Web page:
Shi'ite worshipers place copies of the Quran on their heads during Ramadan at the Imam Ali Shrine, Najaf, Iraq July 10, 2015. REUTERS/Alaa Al-Marjani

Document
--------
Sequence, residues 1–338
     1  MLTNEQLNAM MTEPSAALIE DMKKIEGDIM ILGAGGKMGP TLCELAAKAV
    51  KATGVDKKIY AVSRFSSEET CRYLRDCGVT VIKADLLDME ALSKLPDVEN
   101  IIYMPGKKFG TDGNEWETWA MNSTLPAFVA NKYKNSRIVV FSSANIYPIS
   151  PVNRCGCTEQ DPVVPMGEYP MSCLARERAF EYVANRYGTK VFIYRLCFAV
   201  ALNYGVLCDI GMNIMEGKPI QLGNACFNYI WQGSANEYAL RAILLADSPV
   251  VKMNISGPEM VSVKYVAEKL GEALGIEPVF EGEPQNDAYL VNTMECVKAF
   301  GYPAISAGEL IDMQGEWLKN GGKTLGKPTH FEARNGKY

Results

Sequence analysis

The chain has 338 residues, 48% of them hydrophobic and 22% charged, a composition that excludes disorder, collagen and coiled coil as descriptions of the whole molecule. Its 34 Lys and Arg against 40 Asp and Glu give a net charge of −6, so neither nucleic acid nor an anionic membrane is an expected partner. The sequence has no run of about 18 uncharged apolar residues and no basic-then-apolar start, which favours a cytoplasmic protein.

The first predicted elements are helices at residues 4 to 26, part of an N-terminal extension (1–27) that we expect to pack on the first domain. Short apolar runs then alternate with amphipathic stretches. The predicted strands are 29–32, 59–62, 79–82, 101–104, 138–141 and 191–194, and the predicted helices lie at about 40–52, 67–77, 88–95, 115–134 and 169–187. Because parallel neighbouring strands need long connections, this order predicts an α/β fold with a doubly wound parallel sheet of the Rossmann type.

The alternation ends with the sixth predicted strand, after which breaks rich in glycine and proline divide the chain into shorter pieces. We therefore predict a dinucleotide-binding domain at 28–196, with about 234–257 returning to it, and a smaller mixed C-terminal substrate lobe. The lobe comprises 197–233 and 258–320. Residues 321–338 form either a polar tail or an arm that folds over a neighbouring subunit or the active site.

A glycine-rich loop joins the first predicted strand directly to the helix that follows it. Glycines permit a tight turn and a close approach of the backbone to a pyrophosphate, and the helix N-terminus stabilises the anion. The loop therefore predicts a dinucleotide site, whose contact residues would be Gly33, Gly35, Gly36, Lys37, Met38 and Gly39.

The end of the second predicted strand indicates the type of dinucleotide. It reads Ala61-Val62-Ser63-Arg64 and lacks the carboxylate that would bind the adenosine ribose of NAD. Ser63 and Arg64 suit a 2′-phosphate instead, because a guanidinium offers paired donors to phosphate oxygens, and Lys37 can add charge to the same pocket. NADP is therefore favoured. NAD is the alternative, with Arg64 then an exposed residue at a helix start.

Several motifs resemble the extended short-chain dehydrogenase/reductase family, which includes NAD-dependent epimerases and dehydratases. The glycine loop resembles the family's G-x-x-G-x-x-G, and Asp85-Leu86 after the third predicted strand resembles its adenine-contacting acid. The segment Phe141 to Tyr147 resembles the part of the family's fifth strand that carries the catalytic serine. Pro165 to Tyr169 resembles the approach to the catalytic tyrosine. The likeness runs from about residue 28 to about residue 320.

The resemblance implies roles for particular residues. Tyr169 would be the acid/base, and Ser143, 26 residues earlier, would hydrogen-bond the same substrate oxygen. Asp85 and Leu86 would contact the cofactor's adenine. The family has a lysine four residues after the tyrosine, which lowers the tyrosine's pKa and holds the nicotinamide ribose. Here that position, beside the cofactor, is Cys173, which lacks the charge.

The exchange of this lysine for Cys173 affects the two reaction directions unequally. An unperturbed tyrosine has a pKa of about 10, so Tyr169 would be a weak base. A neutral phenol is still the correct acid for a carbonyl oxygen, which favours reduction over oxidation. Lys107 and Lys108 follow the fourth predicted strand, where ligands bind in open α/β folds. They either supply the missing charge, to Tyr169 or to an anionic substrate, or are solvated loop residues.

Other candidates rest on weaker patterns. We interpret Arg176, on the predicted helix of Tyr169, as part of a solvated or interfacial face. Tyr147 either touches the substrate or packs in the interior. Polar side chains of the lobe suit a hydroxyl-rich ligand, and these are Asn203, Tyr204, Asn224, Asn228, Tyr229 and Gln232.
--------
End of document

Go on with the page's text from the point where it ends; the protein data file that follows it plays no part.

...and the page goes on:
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In early September, Ayatollah Mahmoud Hashemi Shahroudi, a senior Iranian official and Islamic scholar, flew to the holy city of Najaf in southern Iraq. His entourage included a sizable security detail and the former head of the Revolutionary Guard, the most powerful military force in the Islamic Republic.Shahroudi, 69, spent several days on a charm offensive meeting officials, Shiite religious scholars and seminary students at his office near the golden dome shrine of Imam Ali, one of the world's holiest Shiite sites.His aim was to raise his profile as a replacement for the top Shiite religious scholar and most powerful man in Iraq, the 87-year-old Ayatollah Ali Sistani, according to current and former Iraqi officials.Iraqi Shiite factions are jockeying to influence who replaces Sistani.Iran, whose population is mostly Shiite, backs Shahroudi.Shahroudi could prove a controversial replacement for Sistani. A senior religious scholar in Najaf who is sympathetic to the interests of Iran would also eliminate a rival to Iranian Supreme Leader Ayatollah Ali Khamenei, who claims to be the leader of Shiites worldwide.
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